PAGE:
Posted By Monique Dever On November 10, 2014
Because we are on the edge of a crisis with the Ebola virus, people are finally noticing Public Health. When Public Health is doing their job, nobody even notices them. But when grave errors are made, the general public and the media is quick to criticize. But who is at fault here? Are the health departments even equipped to handle Ebola or any other crisis after experiencing severe budget cuts year after year?
According to a survey conducted by National Association of County and City Health Officials (NACCHO), and Association of State and Territorial Health Officials (ASTHO) there has been a reduced workforce and a discontinuation of several programs and services.
ASTHO reports their findings of Public Health job cuts as:
- Approximately 11,000 state jobs have been lost in central, local and regional offices.
- Approximately 7,150 state employees in central offices lost their jobs.
- Approximately 4,400 state employees assigned to local/regional offices lost jobs.
- Combining these data with the latest numbers from NACCHO’s survey of local health department job losses and program cuts reveals that more than 51,000 state and local jobs have been lost since 2008. This represents more than 19 percent of the total state and local health department workforce.
As reported earlier this week by Bloomberg Businessweek, “city, county, and state health departments employ almost 60,000 fewer people than they did in 2008; a drop of almost 20 percent in six years.” According to Albert Wu, Professor at John Hopkins Bloomberg School of Health, “There are fewer people to deploy to take care of education, training, public service messages, and other information. Ebola is not the first and is not the last challenge to our public health system.”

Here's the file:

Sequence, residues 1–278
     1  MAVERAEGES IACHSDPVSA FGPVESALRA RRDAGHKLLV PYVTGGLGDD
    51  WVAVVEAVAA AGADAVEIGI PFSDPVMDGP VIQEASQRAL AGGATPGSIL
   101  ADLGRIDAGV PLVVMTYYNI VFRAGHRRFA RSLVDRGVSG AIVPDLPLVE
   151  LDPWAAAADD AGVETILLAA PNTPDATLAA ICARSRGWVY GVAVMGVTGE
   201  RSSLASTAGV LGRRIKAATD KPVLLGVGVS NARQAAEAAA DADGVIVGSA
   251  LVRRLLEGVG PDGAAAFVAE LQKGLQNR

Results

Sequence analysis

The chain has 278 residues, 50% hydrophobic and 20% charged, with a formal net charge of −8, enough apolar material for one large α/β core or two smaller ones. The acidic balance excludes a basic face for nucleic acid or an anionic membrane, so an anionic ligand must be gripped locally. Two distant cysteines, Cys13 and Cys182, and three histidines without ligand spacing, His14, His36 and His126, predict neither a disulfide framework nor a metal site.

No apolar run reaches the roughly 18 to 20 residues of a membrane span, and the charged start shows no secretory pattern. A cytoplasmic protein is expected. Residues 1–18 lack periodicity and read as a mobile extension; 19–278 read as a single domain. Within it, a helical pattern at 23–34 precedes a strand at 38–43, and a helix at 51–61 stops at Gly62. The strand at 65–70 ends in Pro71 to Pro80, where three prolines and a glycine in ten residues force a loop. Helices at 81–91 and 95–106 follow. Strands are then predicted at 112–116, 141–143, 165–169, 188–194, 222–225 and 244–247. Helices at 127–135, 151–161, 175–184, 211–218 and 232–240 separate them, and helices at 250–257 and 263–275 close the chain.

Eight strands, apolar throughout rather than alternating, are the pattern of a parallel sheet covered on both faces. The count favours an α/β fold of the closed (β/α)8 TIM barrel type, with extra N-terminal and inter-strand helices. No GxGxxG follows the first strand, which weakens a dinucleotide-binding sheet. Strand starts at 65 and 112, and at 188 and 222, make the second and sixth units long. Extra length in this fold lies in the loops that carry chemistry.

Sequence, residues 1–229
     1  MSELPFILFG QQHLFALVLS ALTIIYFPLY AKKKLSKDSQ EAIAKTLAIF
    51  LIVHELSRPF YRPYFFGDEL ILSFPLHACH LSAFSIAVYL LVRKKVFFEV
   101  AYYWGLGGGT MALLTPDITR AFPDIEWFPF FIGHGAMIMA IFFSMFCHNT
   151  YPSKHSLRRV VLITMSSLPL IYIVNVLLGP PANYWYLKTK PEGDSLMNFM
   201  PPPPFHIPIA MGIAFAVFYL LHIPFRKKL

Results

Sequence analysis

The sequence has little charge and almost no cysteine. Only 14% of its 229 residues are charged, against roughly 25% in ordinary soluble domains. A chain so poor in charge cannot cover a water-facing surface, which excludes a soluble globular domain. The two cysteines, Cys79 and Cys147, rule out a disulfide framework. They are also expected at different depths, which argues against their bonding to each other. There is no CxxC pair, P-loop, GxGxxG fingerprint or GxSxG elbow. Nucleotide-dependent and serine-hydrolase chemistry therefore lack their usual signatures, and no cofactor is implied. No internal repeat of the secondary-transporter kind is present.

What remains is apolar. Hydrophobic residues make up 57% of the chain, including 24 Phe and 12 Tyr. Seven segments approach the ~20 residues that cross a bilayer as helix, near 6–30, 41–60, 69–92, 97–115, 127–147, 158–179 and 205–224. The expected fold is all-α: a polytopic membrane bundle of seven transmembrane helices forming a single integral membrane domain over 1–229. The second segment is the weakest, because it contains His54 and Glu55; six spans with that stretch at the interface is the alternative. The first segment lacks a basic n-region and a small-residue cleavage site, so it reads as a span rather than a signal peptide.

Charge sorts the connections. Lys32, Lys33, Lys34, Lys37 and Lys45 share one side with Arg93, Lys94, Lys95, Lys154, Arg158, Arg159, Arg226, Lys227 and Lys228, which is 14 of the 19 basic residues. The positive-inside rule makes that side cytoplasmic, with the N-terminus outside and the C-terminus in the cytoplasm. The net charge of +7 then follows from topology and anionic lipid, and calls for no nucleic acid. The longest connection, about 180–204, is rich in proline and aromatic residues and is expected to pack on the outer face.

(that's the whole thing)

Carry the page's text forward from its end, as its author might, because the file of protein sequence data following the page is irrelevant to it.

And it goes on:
Clearly, these kind of cuts are neither wise nor sustainable. However, in an environment where every agency is looking for more money from a limited federal budget, additional funds for public health are difficult to come by. The general public does not wish to pay more taxes. In addition, the media is quick to point out failures and demand more efficiency.
Sure, there is always room for improving efficiency in any large (private or public) organization. How can we increase efficiency for public health and local health departments (LHDs)? Can lessons from private businesses be applied to public health? Some relevant questions to ask and explore:
- Can LHDs increase revenue by billing to private payers rather than just relying on federal grants and Medicaid funding?
- Can software technology, such as Electronic Health Record (EHR), improve efficiency?
- Can we apply proven process improvement techniques, such as lean six sigma from manufacturing, to cut waste (from patient flow) and improve service to patients?
- Can we train or retrain our staff to do more with less?
- How long does it take to train people on new technologies (e.g. EHR) and process improvement techniques?
- How long does it take to reap benefits from these new methods?
- Can such improvements offset the massive 20% reduction over the past six years?
We all wish to live in a country with no epidemics like Ebola spreading. Clearly, public health is a priority for all of us. The question is, can we do we do more with less? What do you think?